are such a significant aspect of Voronikhin’s design.
Bergenfeldt was born in 1768 in Westphalia, and like so many German craftsmen, came to Russia to seek his fortune in the 1790s. He worked first in the atelier of the bronzier Yan Aoustin and then with Charles Dreyer. He then seems to have left St. Petersburg, possibly for Paris. He returned to Russia after the death of Paul I in 1801 and established his workshop on the Fontanka Embankment. His advertisements in the local newspapers announce the sale of all manner of bronze ornaments such as, 'vases, candelabra, cassolettes, girandoles, chandeliers, veilleuses etc. in the antique taste and of a quality equal to that of French bronzes'. He collaborated with Heinrich Gambs, supplying many of the gilt-bronzes for Gambs’ furniture much of which was commissioned by the Imperial family. Towards the end of his life, he successfully petitioned the Dowager Empress Maria Feodorovna, with whom Voronikhin had worked so closely at Pavlovsk, for a position restoring and cleaning her bronzes.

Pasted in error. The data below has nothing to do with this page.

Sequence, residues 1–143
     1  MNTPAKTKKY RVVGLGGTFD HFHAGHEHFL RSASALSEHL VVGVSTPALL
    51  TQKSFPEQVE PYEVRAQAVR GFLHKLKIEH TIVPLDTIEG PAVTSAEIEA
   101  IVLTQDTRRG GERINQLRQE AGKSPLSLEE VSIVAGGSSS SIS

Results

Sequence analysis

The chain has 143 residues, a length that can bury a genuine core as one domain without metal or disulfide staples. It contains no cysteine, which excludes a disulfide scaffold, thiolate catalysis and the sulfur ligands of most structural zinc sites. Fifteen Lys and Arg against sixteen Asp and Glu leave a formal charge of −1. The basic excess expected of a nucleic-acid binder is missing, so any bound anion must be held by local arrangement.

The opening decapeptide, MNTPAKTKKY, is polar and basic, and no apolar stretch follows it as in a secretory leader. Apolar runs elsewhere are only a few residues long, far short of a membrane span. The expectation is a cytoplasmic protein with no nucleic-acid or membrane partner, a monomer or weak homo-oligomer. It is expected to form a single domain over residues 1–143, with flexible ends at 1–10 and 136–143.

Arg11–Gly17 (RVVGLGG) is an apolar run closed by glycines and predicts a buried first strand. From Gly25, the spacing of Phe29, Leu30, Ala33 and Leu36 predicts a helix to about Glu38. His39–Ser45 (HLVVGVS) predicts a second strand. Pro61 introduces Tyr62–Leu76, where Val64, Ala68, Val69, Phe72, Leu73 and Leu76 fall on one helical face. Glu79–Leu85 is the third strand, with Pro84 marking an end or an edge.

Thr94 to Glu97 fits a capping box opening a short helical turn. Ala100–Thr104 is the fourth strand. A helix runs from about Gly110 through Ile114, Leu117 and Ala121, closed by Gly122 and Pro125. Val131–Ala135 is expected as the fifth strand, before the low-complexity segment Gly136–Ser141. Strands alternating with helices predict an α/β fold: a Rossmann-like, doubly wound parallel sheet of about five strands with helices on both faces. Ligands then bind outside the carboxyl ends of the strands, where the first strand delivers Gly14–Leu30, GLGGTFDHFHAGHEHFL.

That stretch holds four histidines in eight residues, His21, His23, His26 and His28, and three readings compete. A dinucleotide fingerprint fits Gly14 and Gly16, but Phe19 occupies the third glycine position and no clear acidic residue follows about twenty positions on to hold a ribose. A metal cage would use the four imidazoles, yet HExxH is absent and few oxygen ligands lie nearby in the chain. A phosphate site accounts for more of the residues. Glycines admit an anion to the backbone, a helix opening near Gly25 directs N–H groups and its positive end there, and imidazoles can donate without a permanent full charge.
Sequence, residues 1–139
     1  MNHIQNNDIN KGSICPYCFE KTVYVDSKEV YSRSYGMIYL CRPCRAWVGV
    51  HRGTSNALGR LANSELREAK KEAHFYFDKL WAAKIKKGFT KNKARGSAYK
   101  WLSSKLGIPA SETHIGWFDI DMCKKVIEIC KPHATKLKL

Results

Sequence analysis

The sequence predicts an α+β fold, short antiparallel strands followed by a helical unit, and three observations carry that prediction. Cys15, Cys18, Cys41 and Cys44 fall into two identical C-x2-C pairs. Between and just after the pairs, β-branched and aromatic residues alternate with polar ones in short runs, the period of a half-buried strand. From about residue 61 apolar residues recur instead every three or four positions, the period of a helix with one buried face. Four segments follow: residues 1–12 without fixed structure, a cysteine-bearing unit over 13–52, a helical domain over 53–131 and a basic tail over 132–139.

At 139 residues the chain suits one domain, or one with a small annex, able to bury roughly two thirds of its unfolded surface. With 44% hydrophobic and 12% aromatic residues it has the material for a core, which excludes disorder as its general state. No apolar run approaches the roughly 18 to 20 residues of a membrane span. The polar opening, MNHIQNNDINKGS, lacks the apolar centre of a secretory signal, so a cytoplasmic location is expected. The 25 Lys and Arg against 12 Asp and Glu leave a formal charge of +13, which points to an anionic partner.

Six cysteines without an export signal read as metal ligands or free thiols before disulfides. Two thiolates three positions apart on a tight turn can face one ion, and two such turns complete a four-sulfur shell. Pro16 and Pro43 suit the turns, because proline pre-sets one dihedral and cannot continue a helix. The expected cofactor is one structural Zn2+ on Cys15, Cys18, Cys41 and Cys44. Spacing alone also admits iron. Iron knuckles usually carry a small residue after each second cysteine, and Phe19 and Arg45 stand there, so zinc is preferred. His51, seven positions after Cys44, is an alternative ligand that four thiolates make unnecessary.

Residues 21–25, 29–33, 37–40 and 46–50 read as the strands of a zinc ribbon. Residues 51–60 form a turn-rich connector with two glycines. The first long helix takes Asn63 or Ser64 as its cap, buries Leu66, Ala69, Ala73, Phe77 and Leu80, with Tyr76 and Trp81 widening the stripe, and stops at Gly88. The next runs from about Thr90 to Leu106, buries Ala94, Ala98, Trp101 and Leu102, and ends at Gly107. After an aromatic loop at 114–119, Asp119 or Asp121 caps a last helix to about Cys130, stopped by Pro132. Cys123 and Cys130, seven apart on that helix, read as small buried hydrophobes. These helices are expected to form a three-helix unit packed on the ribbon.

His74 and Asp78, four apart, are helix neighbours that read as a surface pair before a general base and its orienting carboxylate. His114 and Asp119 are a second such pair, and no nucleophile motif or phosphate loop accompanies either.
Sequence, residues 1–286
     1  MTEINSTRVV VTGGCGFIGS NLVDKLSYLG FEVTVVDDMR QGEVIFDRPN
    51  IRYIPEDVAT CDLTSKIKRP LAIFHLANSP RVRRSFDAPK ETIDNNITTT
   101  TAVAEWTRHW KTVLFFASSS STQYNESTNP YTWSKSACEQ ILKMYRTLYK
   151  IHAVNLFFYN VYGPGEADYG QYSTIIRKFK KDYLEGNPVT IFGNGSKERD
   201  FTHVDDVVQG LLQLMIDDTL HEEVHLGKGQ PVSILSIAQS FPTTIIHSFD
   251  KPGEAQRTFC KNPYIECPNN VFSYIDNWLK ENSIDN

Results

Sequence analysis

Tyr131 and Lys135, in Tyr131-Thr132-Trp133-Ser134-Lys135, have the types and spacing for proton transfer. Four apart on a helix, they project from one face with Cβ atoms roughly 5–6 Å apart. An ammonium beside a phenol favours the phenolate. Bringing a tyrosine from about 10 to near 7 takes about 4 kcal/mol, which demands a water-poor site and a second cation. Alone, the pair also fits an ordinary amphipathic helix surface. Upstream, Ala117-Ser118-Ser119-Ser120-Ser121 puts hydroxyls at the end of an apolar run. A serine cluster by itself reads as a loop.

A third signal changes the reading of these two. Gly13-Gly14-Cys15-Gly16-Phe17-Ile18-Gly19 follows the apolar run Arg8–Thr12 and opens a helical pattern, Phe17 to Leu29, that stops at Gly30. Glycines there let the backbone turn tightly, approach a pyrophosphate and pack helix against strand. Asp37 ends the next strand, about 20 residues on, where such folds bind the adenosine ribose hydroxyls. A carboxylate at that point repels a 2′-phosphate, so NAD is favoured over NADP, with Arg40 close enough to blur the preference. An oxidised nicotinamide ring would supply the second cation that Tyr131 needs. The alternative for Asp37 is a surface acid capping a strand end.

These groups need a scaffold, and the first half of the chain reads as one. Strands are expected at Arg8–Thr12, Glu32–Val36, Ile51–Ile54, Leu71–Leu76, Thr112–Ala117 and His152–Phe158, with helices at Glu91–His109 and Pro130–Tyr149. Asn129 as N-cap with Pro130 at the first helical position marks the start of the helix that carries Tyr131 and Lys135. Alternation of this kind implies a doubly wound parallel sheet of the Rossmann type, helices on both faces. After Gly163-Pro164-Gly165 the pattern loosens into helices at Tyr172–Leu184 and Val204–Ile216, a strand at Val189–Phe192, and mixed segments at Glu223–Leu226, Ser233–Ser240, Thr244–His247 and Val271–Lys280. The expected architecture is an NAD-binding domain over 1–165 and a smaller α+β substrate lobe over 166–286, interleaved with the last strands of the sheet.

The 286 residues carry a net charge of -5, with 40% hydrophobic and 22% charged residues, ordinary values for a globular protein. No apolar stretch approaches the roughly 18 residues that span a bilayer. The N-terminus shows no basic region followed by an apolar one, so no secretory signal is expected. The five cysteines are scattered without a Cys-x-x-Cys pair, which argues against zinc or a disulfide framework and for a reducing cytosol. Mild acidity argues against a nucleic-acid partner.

This spectacular vase was possibly supplied to Count Mikhail Mikhailovich Speransky (1772-1839), Tsar Alexander I’s most powerful minister who accompanied the Tsar to the Congress of Erfurt in 1808, where he met Napoleon and formulated ideas on a form of democratization of the Tsarist regime, through a series of regional, elected assemblies. Although the dramatic rupture between Russia
and France leading to Napoleon’s invasion precipitated Speransky’s fall from grace through the machinations of other jealous noblemen at court, he was reinstated into public office under Nicholas I in 1816, when he continued his programme of liberal reforms. He was awarded the title of Count in 1839, which his daughter, who married into the Cantacuzène family, was permitted to carry as well through special Imperial decree. The urn descended to her grandson Prince Mikhail Cantacuzène (1875-1955), who in 1899 married Julia Dent Grant, granddaughter of the U.S. President Ulysses S. Grant. Prince Mikhail served with distinction in World War I under Tsar Nicolas II, while his wife wrote a celebrated account of the events leading to the Russian Revolution. It is equally possibly that the vase could have descended either through the Cantacuzène side of the family or through Prince Mikhail’s mother’s family, as according to family history it was in the possession of his mother in the late 19th century in Paris; she subsequently gave the vase to her other son Sergei who then gifted it to his sister-in-law. The Cantacuzènes were a noble Romanian family descended from the Kantakouzenos Emperors of Constantinople, while Prince Mikhail’s mother’s family were French Huguenots who emigrated to Russia in the time of Catherine the Great and owned the estate of Bouromka in modern day Ukraine, where Prince Mikhail was brought up, along with residences in St. Petersburg and a villa in the Crimea.